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Monday, August 15, 2005

Extraordinary Popular Delusions and the Madness of Crowds; or, Why Are We in Iraq? 

Courtesy of our distinguished colleague Susie Madrak at Suburban Guerrilla, an L.A. Times article for those of us who felt like banging our heads on the coffee table during the 2004 presidential debates when John Kerry, plainly embarrassed by the presence of a lawyer on the ticket, launched into his brief, bizarre fantasia on the urgent need for tort reform:
Merv Grazinski set his Winnebago on cruise control, slid away from the wheel and went back to fix a cup of coffee.

You can guess what happened next: The rudderless, driverless Winnebago crashed.

Grazinski blamed the manufacturer for not warning against such a maneuver in the owner's manual. He sued and won $1.75 million.

His jackpot would seem to erase any doubt that the legal system has lost its mind. Indeed, the Grazinski case has been cited often as evidence of the need to limit lawsuits and jury awards.

There's just one problem: The story is a complete fabrication.

It is one of the more comical tales in an anthology of legal urban legends that have circulated widely on the Internet, regaling millions with examples of cluelessness and greed being richly rewarded by the courts. These fables have also been widely disseminated by columnists and pundits who, in their haste to expose the gullibility of juries, did not verify the stories and were taken in themselves.

Although the origins of the tales are unknown, some observers, including George Washington University law professor Jonathan Turley, say their wide acceptance has helped to rally public opinion behind business-led campaigns to overhaul the civil justice system by restricting some types of lawsuits and capping damage awards.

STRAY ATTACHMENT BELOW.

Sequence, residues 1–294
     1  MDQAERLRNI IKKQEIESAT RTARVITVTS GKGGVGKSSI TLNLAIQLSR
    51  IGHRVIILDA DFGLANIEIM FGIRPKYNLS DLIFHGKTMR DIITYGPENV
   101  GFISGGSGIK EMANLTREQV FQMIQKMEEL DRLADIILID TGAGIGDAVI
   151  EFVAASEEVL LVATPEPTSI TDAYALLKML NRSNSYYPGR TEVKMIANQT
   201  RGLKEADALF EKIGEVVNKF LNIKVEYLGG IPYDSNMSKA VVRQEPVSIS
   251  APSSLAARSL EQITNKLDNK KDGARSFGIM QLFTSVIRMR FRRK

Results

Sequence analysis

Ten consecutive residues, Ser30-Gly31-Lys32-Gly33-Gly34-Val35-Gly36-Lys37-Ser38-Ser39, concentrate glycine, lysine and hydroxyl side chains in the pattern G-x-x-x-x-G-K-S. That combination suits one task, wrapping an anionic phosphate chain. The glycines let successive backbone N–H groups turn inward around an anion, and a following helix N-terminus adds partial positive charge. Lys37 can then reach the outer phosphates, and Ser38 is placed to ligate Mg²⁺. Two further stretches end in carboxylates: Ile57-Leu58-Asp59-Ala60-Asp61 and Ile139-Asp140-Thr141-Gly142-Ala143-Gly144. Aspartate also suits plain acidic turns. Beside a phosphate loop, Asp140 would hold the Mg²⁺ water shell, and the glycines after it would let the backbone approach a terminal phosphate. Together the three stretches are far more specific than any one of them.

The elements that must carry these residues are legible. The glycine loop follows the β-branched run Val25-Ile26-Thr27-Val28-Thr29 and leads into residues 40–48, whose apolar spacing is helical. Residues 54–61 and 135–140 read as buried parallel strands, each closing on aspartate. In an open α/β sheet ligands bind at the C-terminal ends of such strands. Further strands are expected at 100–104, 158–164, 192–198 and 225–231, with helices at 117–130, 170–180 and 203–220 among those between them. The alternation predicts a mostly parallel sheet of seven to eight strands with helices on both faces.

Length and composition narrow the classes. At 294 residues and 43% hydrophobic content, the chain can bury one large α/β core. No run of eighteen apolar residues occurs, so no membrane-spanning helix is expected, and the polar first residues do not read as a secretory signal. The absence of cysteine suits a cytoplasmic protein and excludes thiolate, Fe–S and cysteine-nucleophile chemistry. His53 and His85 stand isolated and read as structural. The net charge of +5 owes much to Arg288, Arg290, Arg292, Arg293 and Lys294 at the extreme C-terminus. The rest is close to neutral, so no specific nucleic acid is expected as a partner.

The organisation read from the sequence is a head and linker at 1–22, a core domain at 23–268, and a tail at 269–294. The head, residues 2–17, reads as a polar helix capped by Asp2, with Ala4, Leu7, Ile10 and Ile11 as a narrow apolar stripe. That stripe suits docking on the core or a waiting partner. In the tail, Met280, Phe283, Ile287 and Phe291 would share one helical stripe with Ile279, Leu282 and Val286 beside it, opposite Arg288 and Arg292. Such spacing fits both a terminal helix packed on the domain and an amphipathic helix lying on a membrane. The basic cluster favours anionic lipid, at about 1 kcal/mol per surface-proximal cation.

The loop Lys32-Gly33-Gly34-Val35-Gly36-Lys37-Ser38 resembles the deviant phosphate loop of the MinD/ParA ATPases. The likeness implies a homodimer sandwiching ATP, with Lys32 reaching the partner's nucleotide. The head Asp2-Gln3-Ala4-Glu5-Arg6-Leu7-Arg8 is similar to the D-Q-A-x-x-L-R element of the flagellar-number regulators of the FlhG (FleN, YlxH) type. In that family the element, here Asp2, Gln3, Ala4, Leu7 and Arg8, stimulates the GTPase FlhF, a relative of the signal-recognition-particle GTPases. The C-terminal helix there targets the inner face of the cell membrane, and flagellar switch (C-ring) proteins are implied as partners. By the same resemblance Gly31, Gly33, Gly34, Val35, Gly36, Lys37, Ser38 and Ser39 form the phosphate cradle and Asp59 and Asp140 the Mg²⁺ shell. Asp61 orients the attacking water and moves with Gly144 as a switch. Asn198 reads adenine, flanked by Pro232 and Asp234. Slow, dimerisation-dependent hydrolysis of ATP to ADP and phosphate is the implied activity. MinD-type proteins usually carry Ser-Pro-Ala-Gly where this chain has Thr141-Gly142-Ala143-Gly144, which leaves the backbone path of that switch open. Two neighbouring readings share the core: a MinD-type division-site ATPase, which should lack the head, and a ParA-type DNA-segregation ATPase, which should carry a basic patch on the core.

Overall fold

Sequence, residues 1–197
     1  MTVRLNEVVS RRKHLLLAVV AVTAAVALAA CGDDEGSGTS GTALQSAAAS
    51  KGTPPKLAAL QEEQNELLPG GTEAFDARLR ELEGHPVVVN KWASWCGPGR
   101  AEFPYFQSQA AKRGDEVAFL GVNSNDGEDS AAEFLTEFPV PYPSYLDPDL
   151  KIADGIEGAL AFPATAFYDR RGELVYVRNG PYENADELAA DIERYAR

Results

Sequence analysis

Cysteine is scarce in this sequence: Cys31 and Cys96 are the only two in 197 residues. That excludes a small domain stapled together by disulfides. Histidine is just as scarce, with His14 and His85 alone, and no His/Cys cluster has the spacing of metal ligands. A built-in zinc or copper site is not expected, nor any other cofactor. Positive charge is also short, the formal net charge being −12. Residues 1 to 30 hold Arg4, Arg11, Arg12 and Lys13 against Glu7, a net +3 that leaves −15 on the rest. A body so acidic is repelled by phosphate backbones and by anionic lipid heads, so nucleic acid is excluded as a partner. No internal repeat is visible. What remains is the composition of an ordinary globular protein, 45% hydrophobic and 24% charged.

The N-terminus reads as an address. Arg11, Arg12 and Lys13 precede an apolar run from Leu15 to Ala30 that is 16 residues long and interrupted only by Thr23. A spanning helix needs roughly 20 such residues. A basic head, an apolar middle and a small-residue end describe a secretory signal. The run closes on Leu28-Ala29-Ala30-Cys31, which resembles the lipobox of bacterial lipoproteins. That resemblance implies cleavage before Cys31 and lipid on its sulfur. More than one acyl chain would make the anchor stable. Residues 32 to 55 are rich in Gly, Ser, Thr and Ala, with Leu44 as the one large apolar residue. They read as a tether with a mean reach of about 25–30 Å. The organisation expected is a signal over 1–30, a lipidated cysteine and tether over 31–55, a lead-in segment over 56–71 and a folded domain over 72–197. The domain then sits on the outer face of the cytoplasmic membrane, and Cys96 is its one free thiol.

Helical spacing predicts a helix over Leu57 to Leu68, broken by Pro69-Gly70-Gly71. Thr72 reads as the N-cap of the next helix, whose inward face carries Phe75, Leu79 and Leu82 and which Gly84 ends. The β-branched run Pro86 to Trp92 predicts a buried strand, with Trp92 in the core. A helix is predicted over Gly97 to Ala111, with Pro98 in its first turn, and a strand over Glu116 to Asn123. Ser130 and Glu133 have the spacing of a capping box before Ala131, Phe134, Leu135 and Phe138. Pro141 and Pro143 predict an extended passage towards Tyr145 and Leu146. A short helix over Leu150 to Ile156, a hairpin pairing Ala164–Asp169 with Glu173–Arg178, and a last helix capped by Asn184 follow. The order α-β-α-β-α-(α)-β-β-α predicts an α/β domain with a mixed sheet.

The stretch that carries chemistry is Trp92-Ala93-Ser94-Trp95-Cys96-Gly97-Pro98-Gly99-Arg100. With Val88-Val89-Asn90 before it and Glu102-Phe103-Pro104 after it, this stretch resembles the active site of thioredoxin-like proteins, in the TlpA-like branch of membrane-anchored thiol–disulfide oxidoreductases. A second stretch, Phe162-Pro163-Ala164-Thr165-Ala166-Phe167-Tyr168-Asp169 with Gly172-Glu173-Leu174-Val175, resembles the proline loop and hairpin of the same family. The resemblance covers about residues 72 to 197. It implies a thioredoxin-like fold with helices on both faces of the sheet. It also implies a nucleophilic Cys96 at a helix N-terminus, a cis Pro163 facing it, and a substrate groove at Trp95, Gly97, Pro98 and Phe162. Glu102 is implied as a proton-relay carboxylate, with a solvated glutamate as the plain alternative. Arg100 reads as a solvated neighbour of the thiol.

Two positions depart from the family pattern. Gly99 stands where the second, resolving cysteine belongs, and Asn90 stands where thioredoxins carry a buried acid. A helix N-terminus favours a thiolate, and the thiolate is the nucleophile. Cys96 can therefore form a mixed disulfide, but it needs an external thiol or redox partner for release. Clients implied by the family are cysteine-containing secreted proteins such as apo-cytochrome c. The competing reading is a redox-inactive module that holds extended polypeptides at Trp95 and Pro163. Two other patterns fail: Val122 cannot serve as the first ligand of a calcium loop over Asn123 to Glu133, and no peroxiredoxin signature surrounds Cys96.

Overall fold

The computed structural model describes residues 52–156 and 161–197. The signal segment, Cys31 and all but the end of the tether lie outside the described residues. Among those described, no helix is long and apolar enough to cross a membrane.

"I am astonished how successful these urban legends have been in influencing policy," Turley said. "The people that created these stories did so with remarkable skill."

The tales are making the rounds at a time when business lobbyists and conservative politicians seem to have gained the upper hand in their drive to rein in lawsuits — a campaign that they call tort reform but that trial lawyers and consumer groups say is an assault on the legal rights of ordinary people . . . .

Besides the Grazinski saga, there's the mythical case of Amber Carson of Lancaster, Pa., who got into an argument with her boyfriend in a restaurant, threw a drink at him and then broke her tailbone when she slipped on the wet spot on the floor. Naturally, Carson sued — and won $113,500.

Then there's Kara Walton, a Delaware woman so eager to avoid a $3.50 cover charge that she tried sneaking into a nightclub through a bathroom window but fell and lost a couple of teeth. Walton sued and won $12,000 plus payment of dental bills.

A database search shows the Grazinski, Carson and Walton tales have been cited as true by a wide range of media outlets, including CNN; U.S. News & World Report; the American Spectator; the Oakland Tribune; the Ft. Worth Star-Telegram; the Deseret News of Salt Lake City; the Akron Beacon-Journal; the Greensboro, N.C., News & Record; and the Augusta, Ga., Chronicle.

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